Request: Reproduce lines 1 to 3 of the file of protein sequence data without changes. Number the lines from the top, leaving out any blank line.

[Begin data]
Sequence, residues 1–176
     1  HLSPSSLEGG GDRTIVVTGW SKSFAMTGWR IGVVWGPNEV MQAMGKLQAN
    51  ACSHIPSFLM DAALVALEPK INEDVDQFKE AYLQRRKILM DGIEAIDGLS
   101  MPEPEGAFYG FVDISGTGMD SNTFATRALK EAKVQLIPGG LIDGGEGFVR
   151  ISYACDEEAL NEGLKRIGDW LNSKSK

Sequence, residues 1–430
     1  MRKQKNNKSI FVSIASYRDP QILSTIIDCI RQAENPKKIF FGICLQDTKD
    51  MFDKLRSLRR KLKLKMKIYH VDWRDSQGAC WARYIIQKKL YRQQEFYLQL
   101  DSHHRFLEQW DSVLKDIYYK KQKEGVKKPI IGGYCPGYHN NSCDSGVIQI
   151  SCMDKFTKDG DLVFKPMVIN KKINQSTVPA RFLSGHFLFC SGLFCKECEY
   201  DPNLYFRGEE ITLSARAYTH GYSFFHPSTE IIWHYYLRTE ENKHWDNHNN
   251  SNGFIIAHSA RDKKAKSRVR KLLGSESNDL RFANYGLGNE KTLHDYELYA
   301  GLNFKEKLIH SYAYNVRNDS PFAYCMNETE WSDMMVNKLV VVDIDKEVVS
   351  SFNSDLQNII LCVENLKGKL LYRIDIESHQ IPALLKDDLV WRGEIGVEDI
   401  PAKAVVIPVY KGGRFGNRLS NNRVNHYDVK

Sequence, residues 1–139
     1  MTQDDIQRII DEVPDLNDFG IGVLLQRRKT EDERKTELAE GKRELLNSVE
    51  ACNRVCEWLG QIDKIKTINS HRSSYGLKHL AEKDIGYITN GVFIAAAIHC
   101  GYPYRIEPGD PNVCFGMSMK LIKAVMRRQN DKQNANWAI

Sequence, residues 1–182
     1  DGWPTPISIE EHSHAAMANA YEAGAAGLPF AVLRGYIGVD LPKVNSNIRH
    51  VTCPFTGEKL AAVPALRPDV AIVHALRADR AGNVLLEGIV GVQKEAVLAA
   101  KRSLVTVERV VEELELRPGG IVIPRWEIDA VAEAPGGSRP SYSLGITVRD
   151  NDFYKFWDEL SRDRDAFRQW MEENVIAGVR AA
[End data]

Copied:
Sequence, residues 1–176
     1  HLSPSSLEGG GDRTIVVTGW SKSFAMTGWR IGVVWGPNEV MQAMGKLQAN
    51  ACSHIPSFLM DAALVALEPK INEDVDQFKE AYLQRRKILM DGIEAIDGLS